The City of Estevan has counted the cash, and realized a loss in revenue from the Alice Cooper concert held in August in Affinity Place. 

Those in attendance raved about the show's entertainment and the sound quality, but only 1876 tickets were sold of the 2066 required to break even. Expenses reached over $188,500, while income from ticket and drink sales only totaled around $170,800, a $17,700 loss.

However, at Monday night's City Council meeting, they put on a positive front, touting the benefits the event brought to local business and entertainment.

"When you take into account all of the concerts from the beginning, the win-loss, we've roughly broke even. And it is an opportunity to give our citizens, our community, some first class entertainment that they otherwise would have to drive probably two hours or more to see. It's also great for our local restaurants, motels, and local businesses. They absolutely enjoy the fact that we do this, and it gives them a needed boost," stated Mayor Roy Ludwig.

Officials also noted that the day the concert was held may have played a role in sales. The event being held on a Sunday, they speculate that people on a standard five day work week would be more apt to buy beverages and let loose on a Friday or Saturday, instead of the night before they're back to work. The crowd demographic may also have been a factor.

"It's always an interesting dynamic...it varies from community to community. We tend to be a little bit classic rock, I think. Alice did fine, but not as fine as we would have liked," said Ludwig, "It just seems to be kind of the way our community likes their music, more along the lines of classic rock."

The latter genre could be said to include John Mellencamp, who is set to perform October 26th in Estevan. City management believes that ticket sales are already showing a more positive trend for the performer, and with the event scheduled for Friday, they hope that it can even possibly make up for the loss in profit seen in the wake of the shock rock artist's appearance in August.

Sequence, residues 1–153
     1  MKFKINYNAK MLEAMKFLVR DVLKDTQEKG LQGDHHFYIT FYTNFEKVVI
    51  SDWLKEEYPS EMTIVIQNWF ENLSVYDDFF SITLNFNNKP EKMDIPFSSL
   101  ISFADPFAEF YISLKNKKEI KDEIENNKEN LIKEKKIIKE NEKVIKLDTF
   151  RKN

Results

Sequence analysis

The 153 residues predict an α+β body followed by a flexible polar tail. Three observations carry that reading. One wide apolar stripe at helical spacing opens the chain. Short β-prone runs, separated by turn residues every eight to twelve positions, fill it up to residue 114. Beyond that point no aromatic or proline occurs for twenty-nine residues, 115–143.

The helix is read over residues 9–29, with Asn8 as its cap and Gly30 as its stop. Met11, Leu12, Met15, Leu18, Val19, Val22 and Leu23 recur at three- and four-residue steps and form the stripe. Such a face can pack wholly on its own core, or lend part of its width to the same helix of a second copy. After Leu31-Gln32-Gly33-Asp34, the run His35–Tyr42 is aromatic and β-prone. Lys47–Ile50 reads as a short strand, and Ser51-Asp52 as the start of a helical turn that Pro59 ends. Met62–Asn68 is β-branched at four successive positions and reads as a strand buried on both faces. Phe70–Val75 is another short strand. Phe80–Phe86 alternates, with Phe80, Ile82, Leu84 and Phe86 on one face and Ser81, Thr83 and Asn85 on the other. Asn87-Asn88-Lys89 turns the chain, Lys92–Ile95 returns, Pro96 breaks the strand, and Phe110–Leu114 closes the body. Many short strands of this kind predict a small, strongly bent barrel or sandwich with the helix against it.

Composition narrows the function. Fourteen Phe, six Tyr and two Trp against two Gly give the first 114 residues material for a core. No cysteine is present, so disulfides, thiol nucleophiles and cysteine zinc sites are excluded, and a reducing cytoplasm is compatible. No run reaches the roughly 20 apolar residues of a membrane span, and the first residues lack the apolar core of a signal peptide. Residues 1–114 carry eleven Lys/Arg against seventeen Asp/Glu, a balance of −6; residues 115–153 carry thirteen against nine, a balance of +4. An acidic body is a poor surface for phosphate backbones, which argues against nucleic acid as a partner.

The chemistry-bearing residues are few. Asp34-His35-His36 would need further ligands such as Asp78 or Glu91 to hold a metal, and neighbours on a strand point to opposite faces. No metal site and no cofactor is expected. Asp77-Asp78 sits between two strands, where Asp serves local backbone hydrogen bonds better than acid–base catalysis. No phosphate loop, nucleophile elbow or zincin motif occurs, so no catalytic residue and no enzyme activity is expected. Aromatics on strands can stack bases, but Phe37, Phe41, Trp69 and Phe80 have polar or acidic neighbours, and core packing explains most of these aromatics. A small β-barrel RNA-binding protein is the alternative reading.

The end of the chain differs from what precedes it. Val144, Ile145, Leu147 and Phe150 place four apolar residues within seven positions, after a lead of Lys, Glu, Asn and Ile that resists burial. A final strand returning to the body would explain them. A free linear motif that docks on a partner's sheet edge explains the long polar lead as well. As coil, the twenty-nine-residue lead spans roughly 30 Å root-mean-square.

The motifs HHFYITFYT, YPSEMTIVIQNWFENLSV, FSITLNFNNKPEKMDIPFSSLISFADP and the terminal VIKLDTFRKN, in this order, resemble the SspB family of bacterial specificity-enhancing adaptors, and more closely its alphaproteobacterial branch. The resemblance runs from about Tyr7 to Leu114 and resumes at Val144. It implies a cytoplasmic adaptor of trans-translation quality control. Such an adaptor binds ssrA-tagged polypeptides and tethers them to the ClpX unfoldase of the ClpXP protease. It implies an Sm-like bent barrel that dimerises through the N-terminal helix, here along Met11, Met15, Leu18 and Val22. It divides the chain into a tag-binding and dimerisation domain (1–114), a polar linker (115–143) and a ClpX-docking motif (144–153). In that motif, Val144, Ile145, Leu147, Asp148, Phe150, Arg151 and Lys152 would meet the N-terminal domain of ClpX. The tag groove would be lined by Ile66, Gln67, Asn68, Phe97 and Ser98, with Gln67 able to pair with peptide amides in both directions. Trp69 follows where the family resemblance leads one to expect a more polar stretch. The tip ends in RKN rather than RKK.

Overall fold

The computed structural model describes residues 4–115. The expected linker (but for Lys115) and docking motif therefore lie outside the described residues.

Other items of the evening included the second and third readings of the new Snowmobile bylaw, which outlines the regulations for operation of the unit inside city limits.

"The Snowmobile Club, I'm sure, will be happy. We gave them a little bit more root in our community. Now they've got a couple opportunities for gas and hotel. We will be monitoring, through police, very closely. Unfortunately, it only takes a few bad actors and people complaining, then we have to revisit that. But hopefully the people will abide by bylaw, and hopefully there will be no issues," shared the Mayor. 

Second and Third reading was also heard regarding the potential rezoning of the Sillers Street area, which includes the recently constructed Habitat for Humanity house, to allow semi detached housing in an effort to boost interest and sales. No negative feedback was heard from the public on the matter, and Council moved forward.

"I was curious as to how the community was going to receive this, because it is a pretty major change," said the City Land Development Officer, Richard Neufeld, "But, it seems to be accepted at this point. Normally this is something you would do when you are doing a new area from scratch, but we'll see what happens. Hopefully, we'll get some lot sales in there over the next half year or so."

Members also accepted the reports of September's land development and water quality, as well as the minutes from the latest Southeast Transportation Planning Committee meeting.

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